Saturday, May 01, 2004

Iraqi prisoners and war crimes

It's no great surprise that the rest of the world is outraged over the mistreatment of Iraqi prisoners by American and British interrogators.

Moreover, it shouldn't be a surprise that it has happened. After all, it's happened before in this "war on terror." Indeed, the pattern now is so strong that serious questions arise about the possibility that American officials could be charged with war crimes.

Recall, if you will, that these torture techniques first cropped in Afghanistan in March of last year, even before we invaded Iraq. They elicited a letter of protest from Joan Fitzpatrick, a legal specialist in human rights, which I published in full previously:
The "interrogation" techniques described in [the New York Times piece] "U.S. Military Investigating Death of Afghan in Custody" (March 4, 2003, A14) violate basic norms of international humanitarian law. The Geneva Conventions require humane treatment of all prisoners, whether POWs or "unlawful combatants," and regardless of the nature of the conflict. All acts of violence or intimidation, outrages upon personal dignity, and humiliating and degrading treatment are strictly forbidden. Does the Department of Defense argue that chaining naked prisoners to the ceiling, in freezing weather, and kicking them to keep them awake for days on end, are practices consistent with the Geneva Conventions? Is the DOD prepared to tolerate this treatment of American POWs in the Iraq war?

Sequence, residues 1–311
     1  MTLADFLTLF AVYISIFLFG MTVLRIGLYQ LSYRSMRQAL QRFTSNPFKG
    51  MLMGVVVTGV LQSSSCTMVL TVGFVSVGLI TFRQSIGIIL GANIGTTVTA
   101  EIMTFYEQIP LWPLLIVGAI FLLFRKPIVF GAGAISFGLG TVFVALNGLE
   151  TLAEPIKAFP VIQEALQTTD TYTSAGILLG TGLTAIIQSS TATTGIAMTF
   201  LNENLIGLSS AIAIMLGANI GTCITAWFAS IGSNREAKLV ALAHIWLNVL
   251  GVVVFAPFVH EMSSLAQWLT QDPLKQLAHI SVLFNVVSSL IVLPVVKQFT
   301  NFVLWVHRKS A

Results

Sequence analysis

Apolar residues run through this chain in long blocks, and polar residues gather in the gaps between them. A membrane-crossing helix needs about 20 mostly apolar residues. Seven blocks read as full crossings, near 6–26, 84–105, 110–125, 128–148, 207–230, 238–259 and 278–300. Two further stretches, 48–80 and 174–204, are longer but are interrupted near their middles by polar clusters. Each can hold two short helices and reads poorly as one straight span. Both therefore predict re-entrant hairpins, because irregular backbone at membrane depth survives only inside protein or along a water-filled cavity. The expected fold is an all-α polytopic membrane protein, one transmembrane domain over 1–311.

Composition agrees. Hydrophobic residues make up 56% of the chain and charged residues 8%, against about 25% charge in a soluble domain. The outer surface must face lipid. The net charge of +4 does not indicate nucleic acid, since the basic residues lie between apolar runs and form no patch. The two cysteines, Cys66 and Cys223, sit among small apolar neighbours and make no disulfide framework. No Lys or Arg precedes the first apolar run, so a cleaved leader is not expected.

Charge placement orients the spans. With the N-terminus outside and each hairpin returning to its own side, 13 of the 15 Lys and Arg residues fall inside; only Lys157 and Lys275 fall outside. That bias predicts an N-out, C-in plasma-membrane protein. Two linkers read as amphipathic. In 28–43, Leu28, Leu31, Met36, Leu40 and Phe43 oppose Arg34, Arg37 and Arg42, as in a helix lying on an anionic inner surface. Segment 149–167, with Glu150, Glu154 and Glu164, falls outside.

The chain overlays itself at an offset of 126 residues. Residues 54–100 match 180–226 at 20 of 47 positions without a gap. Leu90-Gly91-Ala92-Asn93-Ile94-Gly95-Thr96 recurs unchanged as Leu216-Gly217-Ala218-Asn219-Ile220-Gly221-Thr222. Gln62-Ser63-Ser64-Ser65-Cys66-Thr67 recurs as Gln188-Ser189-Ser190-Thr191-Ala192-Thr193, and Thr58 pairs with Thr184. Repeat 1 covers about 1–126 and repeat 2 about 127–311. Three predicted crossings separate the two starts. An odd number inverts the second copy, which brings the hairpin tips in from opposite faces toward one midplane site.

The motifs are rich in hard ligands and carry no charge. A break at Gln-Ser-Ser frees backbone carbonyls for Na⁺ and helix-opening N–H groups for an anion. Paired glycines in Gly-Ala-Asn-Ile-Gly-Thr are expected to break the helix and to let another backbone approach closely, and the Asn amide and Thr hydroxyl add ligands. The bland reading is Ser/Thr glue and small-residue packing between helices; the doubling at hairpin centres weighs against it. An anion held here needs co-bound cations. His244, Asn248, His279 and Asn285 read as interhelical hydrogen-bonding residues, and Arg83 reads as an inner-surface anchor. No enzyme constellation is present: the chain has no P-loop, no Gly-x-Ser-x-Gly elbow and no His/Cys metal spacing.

These practices also violate human rights treaties to which the United States is a party, specifically the prohibitions on torture and cruel, inhuman and degrading treatment. The United States may not transfer Al Qaeda suspects to other states to facilitate their torture; that too is a violation. Moreover, there is no state on earth "that does not have legal restrictions against torture" ("Questioning of Accused Expected to Be Human, Legal and Aggressive", March 4, 2003, A13). The prohibition on torture is a peremptory norm of customary international law binding on all nations. The torturer is the enemy of all mankind.

If President Bush has commanded these practices, he has committed serious international crimes and crimes against the laws of the United States that are impeachable offenses. Congress must investigate immediately.

Secretary Rumsfeld last Friday again revealed his complete ignorance of the laws of war by suggesting that Iraqi POWs could be tried before military commissions. They may be tried only by court martial, under rules identical to those applicable to U.S. forces. As Bush and Rumsfeld are poised to launch a major war in Iraq, the world stands appalled by their utter disregard for the most fundamental norms of humanity in wartime. Heaven help our "enemies" and our own soldiers.

Fitzgerald's warning, clearly, was prophetic.

As Digby observes, the pattern continued with the torture of prisoners held at Guantanamo Bay:
One of the five Britons recently returned to the UK from Guantanamo Bay has claimed that he was subjected to cruel and sadistic treatment by US authorities.

Jamal al Harith, from Manchester, told the Daily Mirror today that detainees of Camp X-Ray and Camp Delta had to face frequent beatings, prolonged periods of isolation and traumatic psychological torture.

The 37-year-old was held at Guantanamo Bay for just over two years after coalition forces brought about the fall of the Taleban regime in Afghanistan. The divorced father-of-three said that the behaviour of prison guards was a deliberate affront to Islam and exacted to offend and terrorise the detainees.